Privacy in the digital space - key factors you should know

A Q&A with Ryan Sullivan from Bench

What are the key factors we need to know about privacy in the digital space right now?

Privacy and the impacts on digital media continue to be front and centre in Clients’ minds. The Media Planning Agency discussed the basics with Ryan Sullivan from Bench – the start of a series aimed at dispelling some of the myths around digital and programmatic.


Q: What are the key factors we need to know about privacy in the digital space right now?

Ryan: “It’s safe to say that marketers have been riding an ever-changing privacy wave over the last couple of years, a wave that has been driven by declining consumer sentiment towards the ad industry itself. Events such as the Cambridge Analytica scandal alerted consumers to the nefarious ways their data was being collected and used without their knowledge or consent. In the wake of this, both consumers and governments demanded more transparency in how consumer data was collected, used and shared across the web. Policies such as GDPR, CCPA (California Consumer Privacy Act) as well as many similar privacy codes were brought into effect around the world. The changes we’re now seeing as marketers are the industry’s response to the global pressure.”

Q: So let’s talk about the first changes from Apple that caused major concerns 

Ryan: “Apple’s iOS 14.5 release heralded a new privacy policy (the App Tracking Transparency framework), forcing all apps to ask the users’ permission upfront whether they wanted to be tracked across the web for personalised ad purposes. As you can imagine, roughly 80% of consumers have said no to this. With Apple accounting for 55.8% of all mobile users in Australia, this has a pretty significant impact on ad revenue, mainly felt by platforms such as Snapchat, Youtube, Twitter and Meta. With an estimated $9.8billion in lost ad revenue forecasted, Facebook launched scathing attacks on Apple’s decision, positioning itself as “fighting for small businesses everywhere.” If we pretend Facebook’s shareholders are small businesses, then sure.”

Q: And then Google wanted to get involved?

Ryan: “In June 2020, Google announced that they would deprecate all 3rd party cookies from their Chrome browser by 2022, which has since been delayed to 2023. This is the bigger of the two announcements, in my opinion. What this means for the consumer is that when they visit any website, no 3rd party organisation will be able to capture or track their data for any purpose elsewhere across the web. This was Google’s response to privacy concerns and brought Chrome into line with other browsers such as Firefox and Safari. Considering that around 80% of advertisers use 3rd party cookies in their digital advertising mix, this announcement sent the industry reeling. However, Google quickly realised that things are easier said than done, and ever since the announcement, they have been plagued with problems. Their first solution (FLoC) was quickly mothballed due to privacy concerns. Their second (Topics) has received a reasonably frosty industry response with fears of further monopolisation and issues with transparency.”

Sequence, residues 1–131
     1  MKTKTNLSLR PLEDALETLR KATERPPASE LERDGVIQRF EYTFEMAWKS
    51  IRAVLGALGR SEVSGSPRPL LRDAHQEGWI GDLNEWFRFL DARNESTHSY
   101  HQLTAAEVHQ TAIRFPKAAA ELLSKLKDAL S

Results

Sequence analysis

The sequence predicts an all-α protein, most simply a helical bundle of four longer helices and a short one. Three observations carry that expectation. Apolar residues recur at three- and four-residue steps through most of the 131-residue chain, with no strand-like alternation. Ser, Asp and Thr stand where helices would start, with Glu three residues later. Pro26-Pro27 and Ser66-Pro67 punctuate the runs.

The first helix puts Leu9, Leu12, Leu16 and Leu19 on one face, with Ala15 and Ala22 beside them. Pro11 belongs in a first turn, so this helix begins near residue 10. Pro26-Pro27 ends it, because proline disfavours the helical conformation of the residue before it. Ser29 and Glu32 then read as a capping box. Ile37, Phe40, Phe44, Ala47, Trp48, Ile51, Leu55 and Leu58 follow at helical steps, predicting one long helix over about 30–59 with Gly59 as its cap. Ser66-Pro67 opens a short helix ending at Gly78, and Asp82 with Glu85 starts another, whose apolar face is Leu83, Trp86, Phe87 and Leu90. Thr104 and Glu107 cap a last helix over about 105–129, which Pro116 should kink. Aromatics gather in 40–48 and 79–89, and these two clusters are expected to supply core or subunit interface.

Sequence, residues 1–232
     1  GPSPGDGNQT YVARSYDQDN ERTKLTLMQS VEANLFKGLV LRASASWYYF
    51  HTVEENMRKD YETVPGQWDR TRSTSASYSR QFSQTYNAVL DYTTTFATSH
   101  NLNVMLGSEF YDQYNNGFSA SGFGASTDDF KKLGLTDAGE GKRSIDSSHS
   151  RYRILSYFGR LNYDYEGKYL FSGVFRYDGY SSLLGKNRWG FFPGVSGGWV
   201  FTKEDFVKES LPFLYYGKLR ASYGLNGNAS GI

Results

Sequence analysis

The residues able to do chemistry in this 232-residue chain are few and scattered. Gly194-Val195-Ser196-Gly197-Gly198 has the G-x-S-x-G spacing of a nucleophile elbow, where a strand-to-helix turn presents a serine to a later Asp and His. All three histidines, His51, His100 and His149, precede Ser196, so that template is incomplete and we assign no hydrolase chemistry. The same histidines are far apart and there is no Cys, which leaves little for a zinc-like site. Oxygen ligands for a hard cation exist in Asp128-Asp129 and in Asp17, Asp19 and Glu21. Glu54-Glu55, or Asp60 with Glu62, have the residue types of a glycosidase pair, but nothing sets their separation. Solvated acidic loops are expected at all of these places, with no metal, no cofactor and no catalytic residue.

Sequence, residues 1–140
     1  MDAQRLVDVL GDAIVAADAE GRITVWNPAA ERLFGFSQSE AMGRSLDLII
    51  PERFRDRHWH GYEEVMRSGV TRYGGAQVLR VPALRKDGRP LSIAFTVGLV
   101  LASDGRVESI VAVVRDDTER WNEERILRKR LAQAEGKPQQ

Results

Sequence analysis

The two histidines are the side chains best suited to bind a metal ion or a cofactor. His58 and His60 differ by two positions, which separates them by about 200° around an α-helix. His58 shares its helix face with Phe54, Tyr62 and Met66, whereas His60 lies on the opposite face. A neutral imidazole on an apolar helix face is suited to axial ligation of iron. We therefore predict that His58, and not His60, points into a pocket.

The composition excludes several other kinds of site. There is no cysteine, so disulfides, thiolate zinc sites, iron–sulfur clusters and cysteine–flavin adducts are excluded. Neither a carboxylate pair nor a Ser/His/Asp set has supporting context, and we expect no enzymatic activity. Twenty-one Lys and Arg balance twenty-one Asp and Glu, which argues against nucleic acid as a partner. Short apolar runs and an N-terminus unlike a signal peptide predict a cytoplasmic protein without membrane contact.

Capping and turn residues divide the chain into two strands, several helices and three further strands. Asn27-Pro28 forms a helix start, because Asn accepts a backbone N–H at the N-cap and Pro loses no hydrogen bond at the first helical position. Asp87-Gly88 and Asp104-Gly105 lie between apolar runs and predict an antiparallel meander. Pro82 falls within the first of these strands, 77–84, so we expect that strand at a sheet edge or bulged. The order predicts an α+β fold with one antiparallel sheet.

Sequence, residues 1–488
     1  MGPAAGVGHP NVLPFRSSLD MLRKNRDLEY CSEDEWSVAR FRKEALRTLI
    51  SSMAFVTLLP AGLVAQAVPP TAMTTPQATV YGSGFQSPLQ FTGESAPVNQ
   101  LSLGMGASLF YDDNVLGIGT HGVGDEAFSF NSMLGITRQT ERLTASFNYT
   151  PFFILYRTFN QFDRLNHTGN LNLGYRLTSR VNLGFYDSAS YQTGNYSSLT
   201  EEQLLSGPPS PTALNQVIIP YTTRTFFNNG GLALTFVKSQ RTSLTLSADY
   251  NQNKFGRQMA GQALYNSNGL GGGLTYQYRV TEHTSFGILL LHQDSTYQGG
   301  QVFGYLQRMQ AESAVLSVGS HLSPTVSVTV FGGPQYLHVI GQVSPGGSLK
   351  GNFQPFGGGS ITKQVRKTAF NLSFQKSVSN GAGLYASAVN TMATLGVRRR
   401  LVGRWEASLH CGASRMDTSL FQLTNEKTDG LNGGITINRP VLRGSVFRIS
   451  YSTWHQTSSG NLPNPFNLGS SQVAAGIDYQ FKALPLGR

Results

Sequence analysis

Read the full article which appeared on MPA blog in May, 2022.


1200 600 Bench Media
Shai Luft - Bench Media

Chief Operating Officer

Shai Luft

Meet Shai Luft, a senior marketing executive with a proven track record of delivering results for Australia’s largest ASX200-listed companies. Despite his success, Shai was frustrated by the amount of red tape and bureaucracy that held back marketing innovation. That’s why he co-founded Bench in 2012. As the driving force behind Bench’s operations, Shai is committed to empower marketers with the agility and control they need to achieve their best results.

Ori Gold - Bench Media

Chief Executive Officer

Ori Gold

Meet Ori Gold, an ad tech and martech expert. Driven by the frustration of everyday marketers facing a lack of control and accessibility, Ori co-founded Bench in 2012 to revolutionise the digital advertising landscape. Heading the talented and forward-thinking team at Bench, Ori is the driving force behind the company’s strategic and product vision. Thanks to Ori’s leadership, Bench has become one of the most respected and successful digital agencies in Australia.

General Manager

Liam Garratt

Meet Liam Garratt, the creative mind behind Bench’s top-notch products and services. With a career in digital media spanning over a decade, Liam has made a name for himself as a leader in the industry. He got his start in 2011 working for UK-based programmatic platform Crimtan, where he played a key role in launching the company’s Australian office. In 2017, Liam brought his expertise to Bench, where he now leads the Product & Services functions. Liam is passionate about delivering only the highest quality products and services to Bench’s clients. His commitment to excellence is the foundation of Bench’s stellar reputation.

VP of Growth

Anthony Fargeot

Meet Anthony Fargeot, the pioneer behind Bench’s growth and success. Joining Bench in its infancy in 2013, Anthony’s experience with high-growth start-ups gave him the skills to help Bench become one of the most successful digital agencies in Australia. As Head of Client Services and then Director of Operations, Anthony led Bench through its highest growth period. Today, as VP of Growth, Anthony uses his creative thinking and strategic insights to always look for new and innovative ways to help Bench stay ahead of the curve in a rapidly changing digital landscape.